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: Rio Bravo (1959)  ( 62142 )
T.H.
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« #45 : February 28, 2010, 07:16:29 PM »

- It's long and slow-paced. Most members of SLWB, I imagine, wouldn't have an inherent problem with a long and slow-paced movie, but Rio Bravo is filled with padding, long and repetitive dialogue scenes and side-tracks that don't add much to the film, and it really drags in spots. With such a simple, straightforward story, a leaner, more fast-paced treatment probably would have worked better. Someone needed to teach Hawks dramatic economy, I guess.

I completely understand why many claim it's slow paced, but the 'hanging around' aspect of the movie is arguably more important than the actual plot. That's what makes it unique, just as Wilder's Avanti is a lot more than a story about the transfer of a corpse.

- Ricky Nelon isn't completely horrible - he ain't good but he's balanced out by Dean-O and Brennan, and he's sidelined for most of the film anyway. What is troubling about him, though, is that Colorado is the progenitor of all the colorless young sidekicks the Duke would take on, and those flicks wouldn't have the benefit of strong supporting players.

Good point. I'm a Ricky Nelson fan, so I like seeing him in the movie. He had just enough screen time to be a central figure without being exposed.

- Angie Dickinson. I don't know if her presence is so much a bow to commerciality, as CJ and others seem to think, as that Rio Bravo is a Howard Hawks film. Hawks loved strong female characters, which worked wonderfully in his screwball comedies, but he didn't seem to know what to do with them in Westerns (see also: Red River). Dickinson, lovely as she is, does nothing but flirt with Duke and hover around the bar, and there's no justification for her presence whatever.

If I read the script before seeing the movie, I would agree with you; but the movie is all atmosphere and I found those scenes to be charming and somehow not creepy.

- The singing. Please stop it.

Outside of the mexican death march tune scene, this is my favorite moment in the movie.

- I don't mind the lack of action out of town, but I did mind that we saw maybe a half-dozen townspeople in the whole movie. I guess Chance is Sheriff of a film set.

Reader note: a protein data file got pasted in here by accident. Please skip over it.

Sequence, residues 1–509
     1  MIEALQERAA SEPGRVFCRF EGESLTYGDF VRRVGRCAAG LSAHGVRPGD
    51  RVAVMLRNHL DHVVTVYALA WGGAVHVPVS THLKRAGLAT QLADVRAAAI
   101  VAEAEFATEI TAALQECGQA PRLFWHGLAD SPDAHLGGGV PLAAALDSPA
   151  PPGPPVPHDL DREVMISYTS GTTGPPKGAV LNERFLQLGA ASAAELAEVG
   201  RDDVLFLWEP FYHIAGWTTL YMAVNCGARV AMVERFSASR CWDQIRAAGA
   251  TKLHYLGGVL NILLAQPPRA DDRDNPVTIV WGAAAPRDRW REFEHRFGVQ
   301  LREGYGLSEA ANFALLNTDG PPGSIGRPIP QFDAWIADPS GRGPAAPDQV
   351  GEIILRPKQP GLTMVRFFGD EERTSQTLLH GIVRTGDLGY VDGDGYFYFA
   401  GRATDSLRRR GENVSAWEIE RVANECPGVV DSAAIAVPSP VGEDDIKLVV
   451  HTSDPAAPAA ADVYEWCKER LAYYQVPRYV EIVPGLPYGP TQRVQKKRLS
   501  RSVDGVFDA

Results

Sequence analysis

I think Hawks/Wayne's point was that their job is to protect the town and let them go about their everyday business. I'm almost positive that Wayne specifically commented that he hated that Cooper's character had to ask townsfolk to help defend the town.

- A pretty bland, unremarkable musical score. I like some of Tiomkin's stuff but his best work was generally outside of the Western genre.

You don't like the mexican death march scene? Really? I think that's absolutely brilliant--imo one of the best examples of sound + image in movies.

- The bad guys. Joe Burdette is completely absent for most of the film's second half, even though we spent a lot of time in the jail - did Stumpy knock him unconscious every night? Plus the bad guys outside the jail are completely stupid, not the least for their "don't kill anyone" rule. There's not a lot of dramatic tension when the baddies are complete pushovers.

That's what separates Rio Bravo from the average western, though. There isn't a strong villian, the plot isn't tight and there aren't the dramatic moments you see in most westerns: ie no "I'm about to die" speeches.

It also occurred to me that this movie is pretty much the template for all of Wayne's later films. He was getting on in age by 1959 and not able to carry a lot of the physical action. He had sidekicks before this, but as said above, Colorado is the clear precursor to the colorless pretty-boy dopes in The Alamo/The Comancheros/Rio Lobo/The Shootist/etc. This also applies to the weak plot and the generic, unthreatening bad guys. Rio Bravo has the good fortune of being a Howard Hawks film, which mot of the above do not (I won't try and account for Rio Lobo).  

Yeah, that's a good point. To hopefully not be too redundant, I think that's the point of the movie, to not resemble the average western. While that's a bit vague, this is clearly an atmospheric movie, you either strongly care for these characters or you don't and you'll spend a very long 140 mins watching this movie. This might be my favorite AW, my appreciation for the movie grows with each subsequent view.



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« #46 : February 28, 2010, 08:36:35 PM »

I don't know, I think Groggy summed it up perfectly. Especially the points made about the push-over baddies and Angie Dickinson.


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« #47 : February 28, 2010, 09:02:17 PM »

Yeah, Groggy has his target perfectly bracketed. Add two degrees and fire for effect.

« : February 28, 2010, 09:03:37 PM dave jenkins »


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« #48 : February 28, 2010, 10:28:59 PM »